The Palawan Peacock Pheasant was conspicuous by its absence. There was a sign, there was a cage but no birds. Great pity because pictorial representations of the birds are literally everywhere we have been.

This little collection held some promise. It needs a good kick to get back on the right track. Someone needs to explain basic animal husbandry, perching, enrichment, maintenance. With the signage the basic education message is being put forward but I am unsure about the
other zoological aims. It could be very good!

I've mentioned before about Gloria's animal ignorance. "I thought the biggest kind of fish was a turtle" she said. This from an intelligent person who thrives on documentaries. We have a long was to go.

Gloria told me today that she had read in the paper that 'Woo Woo' the mermaid of Laguna had been elected to council. I didn't doubt she could do it.

Puero Princesa. I can't believe I am the only person who thinks it should be spelt with two s's.

Palawan Peacock Pheasant

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Palawan Sunset with moon

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  • Peter Dickinson profile image

    Peter Dickinson 6 years ago from South East Asia

    Thank you jeremytorres....I have been to the Philippines perhaps a dozen times.

  • jeremytorres profile image

    jeremytorres 6 years ago

    Magnificent hub, Peter. Have you been in Philippines once?

  • Peter Dickinson profile image

    Peter Dickinson 8 years ago from South East Asia

    Dohn - Gloria was special. By coincidence she emailed me an xmas greeting just a day or so ago. Thanks for the comment.

  • dohn121 profile image

    dohn121 8 years ago from Hudson Valley, New York

    A great hub, Peter. Gloria sounds like my type of gal :D I'm sure you'll agree.

    That Peacock Pheasant looks fascinating! What's with these Filipino birds and their radical hairstyles? I especially like the sunset picture. Thanks, Peter.

  • LizzyBoo profile image

    LizzyBoo 8 years ago from Czech Republic

    I know Peter, but when I see many of them in one pool, you get the feeling they suffer. Thank you - I enjoided the video attached.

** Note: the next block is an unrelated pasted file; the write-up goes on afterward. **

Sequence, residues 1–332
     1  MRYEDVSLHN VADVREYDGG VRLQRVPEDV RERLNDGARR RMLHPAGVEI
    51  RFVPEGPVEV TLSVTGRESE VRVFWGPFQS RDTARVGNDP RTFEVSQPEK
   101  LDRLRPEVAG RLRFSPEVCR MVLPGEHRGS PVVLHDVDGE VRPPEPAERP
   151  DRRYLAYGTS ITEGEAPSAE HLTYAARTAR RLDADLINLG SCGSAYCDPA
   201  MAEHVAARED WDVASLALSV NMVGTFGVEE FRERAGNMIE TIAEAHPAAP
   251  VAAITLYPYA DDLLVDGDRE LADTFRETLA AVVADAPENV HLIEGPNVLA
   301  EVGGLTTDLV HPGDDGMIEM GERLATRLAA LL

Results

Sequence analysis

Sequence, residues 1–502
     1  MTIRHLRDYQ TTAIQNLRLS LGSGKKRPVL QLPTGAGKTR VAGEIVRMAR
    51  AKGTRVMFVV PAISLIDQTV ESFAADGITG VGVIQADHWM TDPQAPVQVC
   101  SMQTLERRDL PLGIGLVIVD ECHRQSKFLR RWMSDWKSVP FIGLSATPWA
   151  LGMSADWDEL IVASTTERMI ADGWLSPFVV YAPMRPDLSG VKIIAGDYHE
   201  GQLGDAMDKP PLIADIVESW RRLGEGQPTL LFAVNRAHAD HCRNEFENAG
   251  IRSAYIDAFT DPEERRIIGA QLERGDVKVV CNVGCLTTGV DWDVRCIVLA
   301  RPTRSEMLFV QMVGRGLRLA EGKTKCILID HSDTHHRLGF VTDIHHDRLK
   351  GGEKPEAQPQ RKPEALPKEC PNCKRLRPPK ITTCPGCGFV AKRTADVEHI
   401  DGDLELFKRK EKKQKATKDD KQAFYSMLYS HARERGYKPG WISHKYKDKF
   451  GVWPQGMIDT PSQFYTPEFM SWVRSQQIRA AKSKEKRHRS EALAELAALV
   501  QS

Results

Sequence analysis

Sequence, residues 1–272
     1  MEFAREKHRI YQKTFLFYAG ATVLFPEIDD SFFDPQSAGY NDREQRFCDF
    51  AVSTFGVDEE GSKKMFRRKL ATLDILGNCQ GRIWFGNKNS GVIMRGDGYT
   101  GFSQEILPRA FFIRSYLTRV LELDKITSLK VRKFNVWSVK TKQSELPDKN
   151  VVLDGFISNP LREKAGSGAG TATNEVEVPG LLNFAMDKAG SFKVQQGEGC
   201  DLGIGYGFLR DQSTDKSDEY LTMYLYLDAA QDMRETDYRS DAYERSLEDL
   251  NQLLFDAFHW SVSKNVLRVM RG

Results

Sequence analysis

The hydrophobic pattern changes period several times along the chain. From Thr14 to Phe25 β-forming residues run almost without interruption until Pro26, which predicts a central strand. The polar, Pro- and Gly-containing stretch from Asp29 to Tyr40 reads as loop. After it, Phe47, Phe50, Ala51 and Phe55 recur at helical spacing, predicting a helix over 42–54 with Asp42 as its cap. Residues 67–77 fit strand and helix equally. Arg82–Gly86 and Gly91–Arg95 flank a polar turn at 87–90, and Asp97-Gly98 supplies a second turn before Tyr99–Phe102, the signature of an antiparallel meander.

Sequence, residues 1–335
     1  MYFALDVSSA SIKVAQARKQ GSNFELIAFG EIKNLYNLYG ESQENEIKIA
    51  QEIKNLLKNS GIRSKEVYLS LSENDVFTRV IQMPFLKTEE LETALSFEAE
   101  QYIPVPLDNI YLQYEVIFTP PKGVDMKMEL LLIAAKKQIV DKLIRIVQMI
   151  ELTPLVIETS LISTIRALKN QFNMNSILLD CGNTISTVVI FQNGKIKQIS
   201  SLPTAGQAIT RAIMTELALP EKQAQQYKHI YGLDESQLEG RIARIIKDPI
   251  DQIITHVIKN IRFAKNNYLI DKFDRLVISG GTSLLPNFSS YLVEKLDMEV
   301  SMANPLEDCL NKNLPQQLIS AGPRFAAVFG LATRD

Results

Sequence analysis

• Peter Dickinson profile image

    Peter Dickinson 8 years ago from South East Asia

    Actually Lizzy here they were being kept quite well. Much better than so many places. My problem is I only get a glimpse on my visits but there again years in the industry has allowed me to see deeper. Thanks for the comments.

  • LizzyBoo profile image

    LizzyBoo 8 years ago from Czech Republic

    To see all those crocodiles I am sad. It is a cruelty of us, a human race to let animals live in such codition. I have seen something like that in Thailand. Thank you Peter for this hub and great videos.

  • Peter Dickinson profile image

    Peter Dickinson 8 years ago from South East Asia

    Thanks Ralf. I understood the place was originally set up with Japanese money as a commercial enterprise and gradually turned its hands to other things. On the whole quite nice but everything with a university connection in the Philippines appears underfunded.

  • profile image

    Ralf Sommerlad 8 years ago

    Dear Peter,

    Just a hint: PWRCC is collaborating on Philippine Crocodile conservation projects with the local authorities, Silliman University, The University of Leyden ( Holland) and the IUCN Crocodile Specialist Group.

    Best wishes